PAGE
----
Malevolent hackers can divert your incoming calls and texts to any number they want, and they don't need to be a criminal mastermind to do it. Even friends and family members can reroute your incoming calls and messages so that they know exactly who's trying to reach you, and all it takes is seconds of access to your iPhone or wireless account. These secret codes can help uncover them.
Some iOS and iPadOS apps give you an option to lock them behind Face ID, Touch ID, or a passcode, but there aren't many.
In the 21st century, we're all looking for ways to stay private, especially on our electronic devices. We have big tech corporations, enemy countries, malicious hackers, and other prying eyes watching our every move, so it's only natural to want to limit what they can see. Making your web browsing experience on iPhone and iPad more private is one way to do that.
"Why do I keep getting popups on my phone when I'm not even doing anything?" I see this question asked all the time. The answer? You have a shady app on your phone and it started showing full screen ads. But people either don't know this (so they don't know they just need to find and uninstall the problematic app), or if they do know it's a bad app, they don't know which app is causing it.
Have you ever been locked out of your iPhone? Maybe you forgot your passcode. Or perhaps someone with access changed the passcode as a prank. Your iPhone's display could have even been damaged and unresponsive. Whatever the reason, there's an easy way to get back access to your iPhone the next time it happens.
It's 2022, and the coronavirus pandemic is still going strong, meaning many people still wear masks. If that's you, unlocking your iPhone with Face ID is still very inconvenient when donning a face covering — until now.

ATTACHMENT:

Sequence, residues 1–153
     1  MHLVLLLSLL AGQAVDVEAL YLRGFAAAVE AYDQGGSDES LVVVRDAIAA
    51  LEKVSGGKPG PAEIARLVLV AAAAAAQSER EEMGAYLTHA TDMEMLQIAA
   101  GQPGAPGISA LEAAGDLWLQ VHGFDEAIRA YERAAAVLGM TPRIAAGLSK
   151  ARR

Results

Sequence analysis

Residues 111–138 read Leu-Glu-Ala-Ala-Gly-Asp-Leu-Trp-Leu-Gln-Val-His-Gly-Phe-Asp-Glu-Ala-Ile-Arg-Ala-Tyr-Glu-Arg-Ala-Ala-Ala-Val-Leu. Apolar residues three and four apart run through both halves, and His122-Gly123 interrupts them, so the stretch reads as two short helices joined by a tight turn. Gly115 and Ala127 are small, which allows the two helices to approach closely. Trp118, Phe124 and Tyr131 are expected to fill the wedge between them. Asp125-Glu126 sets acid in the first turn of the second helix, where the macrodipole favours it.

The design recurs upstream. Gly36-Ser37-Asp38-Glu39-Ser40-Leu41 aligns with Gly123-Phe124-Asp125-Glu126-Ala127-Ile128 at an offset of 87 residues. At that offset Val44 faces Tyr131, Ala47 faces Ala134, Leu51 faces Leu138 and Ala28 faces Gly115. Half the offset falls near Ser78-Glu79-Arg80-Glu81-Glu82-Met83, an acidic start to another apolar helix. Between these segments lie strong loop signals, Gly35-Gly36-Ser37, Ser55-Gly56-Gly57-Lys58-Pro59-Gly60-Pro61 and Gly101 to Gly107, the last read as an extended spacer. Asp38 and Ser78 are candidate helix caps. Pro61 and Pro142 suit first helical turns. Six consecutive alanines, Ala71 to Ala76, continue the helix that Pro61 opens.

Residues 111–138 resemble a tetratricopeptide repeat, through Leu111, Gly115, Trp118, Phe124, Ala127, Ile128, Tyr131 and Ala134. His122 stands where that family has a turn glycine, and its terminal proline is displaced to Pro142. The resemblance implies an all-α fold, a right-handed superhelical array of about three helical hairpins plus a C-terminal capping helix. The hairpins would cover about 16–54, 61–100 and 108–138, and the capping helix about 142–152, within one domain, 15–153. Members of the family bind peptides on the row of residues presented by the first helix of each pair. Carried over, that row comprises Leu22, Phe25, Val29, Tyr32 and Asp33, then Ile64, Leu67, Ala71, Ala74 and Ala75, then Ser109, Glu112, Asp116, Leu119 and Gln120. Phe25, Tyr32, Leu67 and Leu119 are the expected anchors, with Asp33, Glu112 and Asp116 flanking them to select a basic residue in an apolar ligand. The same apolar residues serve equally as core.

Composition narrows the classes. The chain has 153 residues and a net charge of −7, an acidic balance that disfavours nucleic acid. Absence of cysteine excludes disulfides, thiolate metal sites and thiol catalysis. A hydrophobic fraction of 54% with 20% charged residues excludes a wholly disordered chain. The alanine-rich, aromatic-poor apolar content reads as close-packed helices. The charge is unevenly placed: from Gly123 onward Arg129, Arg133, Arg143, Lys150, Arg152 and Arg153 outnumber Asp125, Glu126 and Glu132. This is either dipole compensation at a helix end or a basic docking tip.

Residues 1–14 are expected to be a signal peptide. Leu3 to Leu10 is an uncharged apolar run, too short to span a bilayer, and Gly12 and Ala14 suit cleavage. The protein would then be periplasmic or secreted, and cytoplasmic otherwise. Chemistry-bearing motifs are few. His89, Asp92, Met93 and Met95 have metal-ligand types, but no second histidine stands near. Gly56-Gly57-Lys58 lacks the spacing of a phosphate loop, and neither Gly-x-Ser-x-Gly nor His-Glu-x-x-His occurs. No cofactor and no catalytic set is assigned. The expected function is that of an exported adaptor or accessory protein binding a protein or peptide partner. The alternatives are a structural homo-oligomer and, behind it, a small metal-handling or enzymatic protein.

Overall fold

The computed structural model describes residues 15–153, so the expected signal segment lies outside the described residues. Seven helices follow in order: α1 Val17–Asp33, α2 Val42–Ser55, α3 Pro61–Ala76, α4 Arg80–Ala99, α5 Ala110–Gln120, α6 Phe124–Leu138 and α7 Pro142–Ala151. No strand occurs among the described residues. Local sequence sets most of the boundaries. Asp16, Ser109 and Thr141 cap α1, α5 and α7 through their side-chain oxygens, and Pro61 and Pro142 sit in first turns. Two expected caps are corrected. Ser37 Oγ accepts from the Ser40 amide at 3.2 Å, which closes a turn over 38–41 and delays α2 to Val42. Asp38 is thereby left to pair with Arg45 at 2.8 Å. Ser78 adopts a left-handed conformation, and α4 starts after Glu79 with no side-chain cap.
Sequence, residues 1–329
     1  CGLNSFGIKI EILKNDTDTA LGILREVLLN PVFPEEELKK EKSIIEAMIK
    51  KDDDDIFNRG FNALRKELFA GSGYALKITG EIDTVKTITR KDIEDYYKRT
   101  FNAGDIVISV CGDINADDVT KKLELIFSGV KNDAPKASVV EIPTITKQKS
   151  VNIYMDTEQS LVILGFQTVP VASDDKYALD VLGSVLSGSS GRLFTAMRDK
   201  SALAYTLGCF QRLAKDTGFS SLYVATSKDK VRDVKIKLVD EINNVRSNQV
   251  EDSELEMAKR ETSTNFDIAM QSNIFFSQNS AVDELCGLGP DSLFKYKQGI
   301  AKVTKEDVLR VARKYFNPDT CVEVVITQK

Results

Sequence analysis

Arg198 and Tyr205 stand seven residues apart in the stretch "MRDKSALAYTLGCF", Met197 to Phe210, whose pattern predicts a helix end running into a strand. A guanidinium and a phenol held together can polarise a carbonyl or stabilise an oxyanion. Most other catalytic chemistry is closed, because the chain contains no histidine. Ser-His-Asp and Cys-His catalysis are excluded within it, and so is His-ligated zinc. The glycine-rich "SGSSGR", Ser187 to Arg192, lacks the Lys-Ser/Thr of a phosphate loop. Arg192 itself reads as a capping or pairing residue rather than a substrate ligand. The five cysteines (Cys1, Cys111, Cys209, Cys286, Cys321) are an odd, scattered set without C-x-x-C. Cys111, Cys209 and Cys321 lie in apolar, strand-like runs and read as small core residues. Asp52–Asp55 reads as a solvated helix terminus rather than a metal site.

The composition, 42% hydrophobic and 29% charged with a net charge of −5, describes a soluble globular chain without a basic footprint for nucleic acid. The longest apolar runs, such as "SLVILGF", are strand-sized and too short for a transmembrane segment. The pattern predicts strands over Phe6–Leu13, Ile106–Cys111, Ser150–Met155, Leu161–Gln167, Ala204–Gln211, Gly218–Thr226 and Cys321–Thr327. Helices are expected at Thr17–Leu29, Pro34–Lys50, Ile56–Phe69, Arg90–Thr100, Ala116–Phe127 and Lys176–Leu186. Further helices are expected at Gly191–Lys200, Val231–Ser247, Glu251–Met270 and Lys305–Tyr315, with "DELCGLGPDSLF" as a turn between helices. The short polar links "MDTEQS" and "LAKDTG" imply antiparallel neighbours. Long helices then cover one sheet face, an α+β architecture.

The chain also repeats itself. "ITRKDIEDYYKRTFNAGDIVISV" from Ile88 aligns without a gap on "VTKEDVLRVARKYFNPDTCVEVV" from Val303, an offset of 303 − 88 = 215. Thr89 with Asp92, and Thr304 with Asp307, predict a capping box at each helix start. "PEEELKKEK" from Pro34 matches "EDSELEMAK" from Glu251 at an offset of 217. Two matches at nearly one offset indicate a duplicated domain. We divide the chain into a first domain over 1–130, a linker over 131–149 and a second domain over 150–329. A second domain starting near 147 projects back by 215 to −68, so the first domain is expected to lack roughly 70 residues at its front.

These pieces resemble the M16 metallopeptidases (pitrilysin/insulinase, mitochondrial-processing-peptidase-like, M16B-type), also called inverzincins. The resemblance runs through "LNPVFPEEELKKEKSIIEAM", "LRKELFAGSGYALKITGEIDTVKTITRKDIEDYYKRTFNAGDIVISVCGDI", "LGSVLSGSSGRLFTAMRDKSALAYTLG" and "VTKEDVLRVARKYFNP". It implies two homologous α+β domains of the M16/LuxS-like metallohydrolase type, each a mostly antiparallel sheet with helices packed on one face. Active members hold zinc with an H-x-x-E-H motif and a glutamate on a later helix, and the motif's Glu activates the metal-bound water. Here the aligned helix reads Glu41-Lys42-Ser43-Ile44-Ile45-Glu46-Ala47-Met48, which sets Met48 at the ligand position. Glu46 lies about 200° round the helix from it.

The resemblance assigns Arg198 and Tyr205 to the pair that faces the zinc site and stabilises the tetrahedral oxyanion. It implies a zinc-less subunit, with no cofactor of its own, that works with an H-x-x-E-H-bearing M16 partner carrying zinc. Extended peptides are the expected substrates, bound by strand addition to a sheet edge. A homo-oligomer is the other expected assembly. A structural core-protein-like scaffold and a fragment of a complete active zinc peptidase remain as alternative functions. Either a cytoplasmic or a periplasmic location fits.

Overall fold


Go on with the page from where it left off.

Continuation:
The "Sign in with Apple" service lets you create accounts with third-party apps and websites more easily using your Apple ID. More importantly, it can hide your personal email address using auto-generated disposable email addresses. However, it's easy to lose track of the accounts you use with Sign in with Apple, as well as any throwaway email addresses you used to hide your actual address.
Warning: Sensitive Info You Black Out in Images Can Be Revealed with a Few Quick Edits on Your iPhone
These days, most images we post online or share with others come from our smartphones. Whenever personal data is in them, such as debit card numbers, addresses, phone numbers, passwords, and other sensitive information, it's easy to jump into your iPhone's markup tools to black out the text before sharing. But a digital marker may not hide everything.
On an iPhone, it's easy to blur or cross out faces and sensitive information found in your images — just use Apple's Markup tool for all your obfuscation needs. Things aren't as simple when it comes to videos. There are no built-in iOS features to blur, redact, or otherwise obscure people, objects, and text in videos, but we've found a free solution that gets the job done well without any watermarks.